There may be an addition to the four-stroke family. Arctic Cat needs to get its emissions requirements in order with more emission-friendly motors. That might mean added four-stroke models.
Cat finds itself in a bit of limbo as it tries to keep its incredibly loyal ridership hungry but needs to meet federal emission standards, too. Do the two fall hand-in-hand? We think not! Loyal Cat riders want light and fast, high-flying speedsters able to bang in the ditches better than any other sleds. Cat engineers can make those sleds, but at the expense of federal mandated standards?
We think that Cat may come with a special model or two, one for the ditch pounders and one for the powder hounds to keep loyal riders loyal in the Midwest and West. The main line of Cats is not that old and development costs must be amortized before the engineering crew can go totally crazy and reinvent the Firecat. But a single, lightweight, high performance platform from which you could offer a ditch banger and a long track powder machine might just meet the needs of Cat fanciers for 2009.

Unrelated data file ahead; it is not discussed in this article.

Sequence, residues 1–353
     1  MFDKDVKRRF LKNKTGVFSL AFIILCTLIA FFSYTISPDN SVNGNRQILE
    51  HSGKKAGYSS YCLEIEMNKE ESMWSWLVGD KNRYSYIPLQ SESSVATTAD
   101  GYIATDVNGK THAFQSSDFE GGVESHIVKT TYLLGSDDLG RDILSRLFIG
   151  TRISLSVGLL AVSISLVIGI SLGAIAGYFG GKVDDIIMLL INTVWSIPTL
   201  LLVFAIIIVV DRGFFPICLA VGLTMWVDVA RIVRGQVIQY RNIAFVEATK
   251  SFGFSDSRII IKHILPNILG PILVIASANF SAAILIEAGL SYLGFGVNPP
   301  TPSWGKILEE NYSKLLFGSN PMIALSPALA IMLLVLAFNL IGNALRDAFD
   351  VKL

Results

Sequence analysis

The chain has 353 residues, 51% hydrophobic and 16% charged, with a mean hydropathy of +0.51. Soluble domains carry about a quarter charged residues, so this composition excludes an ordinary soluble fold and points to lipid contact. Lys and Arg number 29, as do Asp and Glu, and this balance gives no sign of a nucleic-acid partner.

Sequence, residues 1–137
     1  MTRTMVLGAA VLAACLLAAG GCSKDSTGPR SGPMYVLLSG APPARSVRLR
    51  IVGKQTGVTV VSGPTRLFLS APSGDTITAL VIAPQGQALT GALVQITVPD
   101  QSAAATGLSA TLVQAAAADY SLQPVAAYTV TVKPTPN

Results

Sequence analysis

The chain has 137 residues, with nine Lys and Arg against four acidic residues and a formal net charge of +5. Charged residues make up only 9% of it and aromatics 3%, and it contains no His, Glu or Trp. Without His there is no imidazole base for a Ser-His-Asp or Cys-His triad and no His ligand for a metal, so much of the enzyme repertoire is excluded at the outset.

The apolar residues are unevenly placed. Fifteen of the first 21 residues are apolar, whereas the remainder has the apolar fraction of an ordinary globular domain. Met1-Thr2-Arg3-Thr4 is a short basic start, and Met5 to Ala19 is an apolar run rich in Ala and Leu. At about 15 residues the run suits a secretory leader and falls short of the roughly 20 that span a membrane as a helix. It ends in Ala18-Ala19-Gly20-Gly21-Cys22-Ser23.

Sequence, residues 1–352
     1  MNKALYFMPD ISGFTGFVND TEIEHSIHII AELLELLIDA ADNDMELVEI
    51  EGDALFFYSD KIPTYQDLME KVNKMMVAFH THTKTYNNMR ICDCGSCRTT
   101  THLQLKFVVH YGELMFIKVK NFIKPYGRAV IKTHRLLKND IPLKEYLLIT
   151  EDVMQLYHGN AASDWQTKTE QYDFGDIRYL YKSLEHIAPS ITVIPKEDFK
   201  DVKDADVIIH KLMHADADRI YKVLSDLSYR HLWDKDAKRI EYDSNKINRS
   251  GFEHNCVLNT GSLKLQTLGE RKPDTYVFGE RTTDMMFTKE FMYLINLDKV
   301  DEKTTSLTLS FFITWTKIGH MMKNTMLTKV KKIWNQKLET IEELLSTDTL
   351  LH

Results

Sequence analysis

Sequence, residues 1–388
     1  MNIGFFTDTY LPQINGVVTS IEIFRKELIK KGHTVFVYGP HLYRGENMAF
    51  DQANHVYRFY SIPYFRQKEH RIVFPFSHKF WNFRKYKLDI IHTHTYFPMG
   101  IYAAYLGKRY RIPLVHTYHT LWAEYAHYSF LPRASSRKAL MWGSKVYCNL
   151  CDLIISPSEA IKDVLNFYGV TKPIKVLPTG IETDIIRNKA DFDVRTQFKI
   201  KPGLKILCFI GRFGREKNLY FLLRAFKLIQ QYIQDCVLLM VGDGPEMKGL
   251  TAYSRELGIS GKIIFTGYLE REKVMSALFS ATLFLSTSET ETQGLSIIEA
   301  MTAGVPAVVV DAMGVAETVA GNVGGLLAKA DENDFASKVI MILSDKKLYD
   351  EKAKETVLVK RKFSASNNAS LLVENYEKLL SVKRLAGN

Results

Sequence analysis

Give these guys credit. As challenged as they were with the Fusion, they have rebounded and given us some very nice trail machines. Those 600cc and 700cc sports sleds—Switchbacks and Dragons—are very good.
And, after spending some quality time with a Cleanfire 600, we may finally give the engine edge to Polaris over our beloved Rotax 600 SDI. That Cleanfire set up is precise under all trail conditions. There’s a bit more power from the Polaris-built Liberty 600 than we realized from just new model testing where you tend to jump from model to model and really don’t spend any quality time with any one sled. The 700 is good, but if we were to buy just one sled for its powerplant, it would be a Cleanfire 600-powered something.